Björk Haraldsdóttir's latest works are conceived as groupings of complementary shapes, patterns and tones. Working in sets reveals a new dynamic; a conversation between pieces with individual personalities allows a...
Björk Haraldsdóttir's latest works are conceived as groupings of complementary shapes, patterns and tones. Working in sets reveals a new dynamic; a conversation between pieces with individual personalities allows a rhythmic interplay to develop. This is a direction the artist is finding increasingly intriguing to travel down.
The sets also explore new tonal directions. Single colour vessels with pattern revealed only by the juxtaposition of slip clay and stoneware clay appear quite serene. Solid whites and solid blacks flatten the aesthetic and allow scribed patterns to characterise the pieces in way that is very different from their ‘sister’ pieces patterned with contrasting tones. These works are an evolution but hold a strong memory of their multi-tone antecedents.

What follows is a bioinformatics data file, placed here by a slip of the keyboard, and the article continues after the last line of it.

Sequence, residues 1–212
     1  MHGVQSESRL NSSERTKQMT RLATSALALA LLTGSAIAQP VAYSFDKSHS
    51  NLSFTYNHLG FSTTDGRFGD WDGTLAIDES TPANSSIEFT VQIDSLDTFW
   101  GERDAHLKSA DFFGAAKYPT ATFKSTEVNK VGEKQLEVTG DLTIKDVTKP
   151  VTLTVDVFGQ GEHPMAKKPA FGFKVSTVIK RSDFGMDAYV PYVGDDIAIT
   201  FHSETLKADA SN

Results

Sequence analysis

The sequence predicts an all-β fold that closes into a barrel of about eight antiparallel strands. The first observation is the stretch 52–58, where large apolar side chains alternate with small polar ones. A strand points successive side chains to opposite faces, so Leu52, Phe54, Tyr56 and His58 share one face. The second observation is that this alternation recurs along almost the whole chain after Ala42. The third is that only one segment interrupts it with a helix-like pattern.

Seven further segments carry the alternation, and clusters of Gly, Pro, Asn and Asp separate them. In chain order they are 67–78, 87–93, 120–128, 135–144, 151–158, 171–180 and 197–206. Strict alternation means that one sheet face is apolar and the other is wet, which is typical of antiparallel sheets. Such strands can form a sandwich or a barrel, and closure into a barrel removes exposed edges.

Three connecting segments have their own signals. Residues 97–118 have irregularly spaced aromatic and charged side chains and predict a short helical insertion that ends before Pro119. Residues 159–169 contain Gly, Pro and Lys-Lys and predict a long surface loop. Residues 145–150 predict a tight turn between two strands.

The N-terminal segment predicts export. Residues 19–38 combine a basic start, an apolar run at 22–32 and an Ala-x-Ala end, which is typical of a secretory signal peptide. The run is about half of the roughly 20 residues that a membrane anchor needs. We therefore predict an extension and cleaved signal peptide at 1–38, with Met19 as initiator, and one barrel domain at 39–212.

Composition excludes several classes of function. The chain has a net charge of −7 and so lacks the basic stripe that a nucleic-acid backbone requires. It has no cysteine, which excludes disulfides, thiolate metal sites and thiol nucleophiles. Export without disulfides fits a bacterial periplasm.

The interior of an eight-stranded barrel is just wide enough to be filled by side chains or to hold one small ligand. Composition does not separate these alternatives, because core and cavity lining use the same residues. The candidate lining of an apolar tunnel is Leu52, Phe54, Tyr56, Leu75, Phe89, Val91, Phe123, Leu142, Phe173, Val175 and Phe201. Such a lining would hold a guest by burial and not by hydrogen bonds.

Álfadans #2 is a set of three ceramic sculptures by Björk Haraldsdóttir which are inspired by Icelandic folklore and mythological tales. Huldufólk (hidden folk) are supernatural beings referred to as Álfar or Elves, although they are nothing like the image the word elf might conjure in Britain. Álfar are tall, strong and handsome people of another world, who sometimes appear at midnigth and especially on New Years Eve. They are often feared by humans and dissapearences of people and animals were commonly blamed on Álfar. The garments worn by Álfar were believed to be elaborate and the females, Álfkona, were believed to wear long dresses adorned with rich pattern. They would host dances on New Years Eve and if a human was exposed to them they would be invited to dance, but were seldom seen again in this world after taking part in Álfadans.
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